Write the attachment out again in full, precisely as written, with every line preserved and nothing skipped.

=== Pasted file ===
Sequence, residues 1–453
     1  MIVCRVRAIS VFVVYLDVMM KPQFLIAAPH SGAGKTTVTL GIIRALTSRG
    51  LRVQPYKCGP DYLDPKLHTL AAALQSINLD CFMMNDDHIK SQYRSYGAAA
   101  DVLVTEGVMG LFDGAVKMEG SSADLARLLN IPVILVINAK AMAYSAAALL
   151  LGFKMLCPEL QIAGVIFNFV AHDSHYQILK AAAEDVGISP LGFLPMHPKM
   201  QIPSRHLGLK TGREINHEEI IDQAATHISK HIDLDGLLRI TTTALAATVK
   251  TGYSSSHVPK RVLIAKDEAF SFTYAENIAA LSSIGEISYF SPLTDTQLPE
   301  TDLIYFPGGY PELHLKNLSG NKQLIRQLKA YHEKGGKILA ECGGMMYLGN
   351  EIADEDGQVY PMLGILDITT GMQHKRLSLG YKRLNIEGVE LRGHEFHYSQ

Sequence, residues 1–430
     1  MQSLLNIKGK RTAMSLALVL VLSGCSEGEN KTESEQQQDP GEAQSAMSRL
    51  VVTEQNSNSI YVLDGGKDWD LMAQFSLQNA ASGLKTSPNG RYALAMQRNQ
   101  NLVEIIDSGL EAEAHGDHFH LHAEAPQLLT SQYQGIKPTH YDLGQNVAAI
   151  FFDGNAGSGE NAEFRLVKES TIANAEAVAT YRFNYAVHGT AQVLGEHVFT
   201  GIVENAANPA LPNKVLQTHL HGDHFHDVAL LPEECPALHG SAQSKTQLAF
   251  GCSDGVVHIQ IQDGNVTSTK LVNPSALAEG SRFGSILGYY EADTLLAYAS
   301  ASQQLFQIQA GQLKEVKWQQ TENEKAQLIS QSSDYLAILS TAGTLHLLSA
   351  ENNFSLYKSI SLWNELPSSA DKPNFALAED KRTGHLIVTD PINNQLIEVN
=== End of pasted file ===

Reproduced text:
Sequence, residues 1–453
     1  MIVCRVRAIS VFVVYLDVMM KPQFLIAAPH SGAGKTTVTL GIIRALTSRG
    51  LRVQPYKCGP DYLDPKLHTL AAALQSINLD CFMMNDDHIK SQYRSYGAAA
   101  DVLVTEGVMG LFDGAVKMEG SSADLARLLN IPVILVINAK AMAYSAAALL
   151  LGFKMLCPEL QIAGVIFNFV AHDSHYQILK AAAEDVGISP LGFLPMHPKM
   201  QIPSRHLGLK TGREINHEEI IDQAATHISK HIDLDGLLRI TTTALAATVK
   251  TGYSSSHVPK RVLIAKDEAF SFTYAENIAA LSSIGEISYF SPLTDTQLPE
   301  TDLIYFPGGY PELHLKNLSG NKQLIRQLKA YHEKGGKILA ECGGMMYLGN
   351  EIADEDGQVY PMLGILDITT GMQHKRLSLG YKRLNIEGVE LRGHEFHYSQ

Sequence, residues 1–430
     1  MQSLLNIKGK RTAMSLALVL VLSGCSEGEN KTESEQQQDP GEAQSAMSRL
    51  VVTEQNSNSI YVLDGGKDWD LMAQFSLQNA ASGLKTSPNG RYALAMQRNQ
   101  NLVEIIDSGL EAEAHGDHFH LHAEAPQLLT SQYQGIKPTH YDLGQNVAAI
   151  FFDGNAGSGE NAEFRLVKES TIANAEAVAT YRFNYAVHGT AQVLGEHVFT
   201  GIVENAANPA LPNKVLQTHL HGDHFHDVAL LPEECPALHG SAQSKTQLAF
   251  GCSDGVVHIQ IQDGNVTSTK LVNPSALAEG SRFGSILGYY EADTLLAYAS
   301  ASQQLFQIQA GQLKEVKWQQ TENEKAQLIS QSSDYLAILS TAGTLHLLSA
   351  ENNFSLYKSI SLWNELPSSA DKPNFALAED KRTGHLIVTD PINNQLIEVN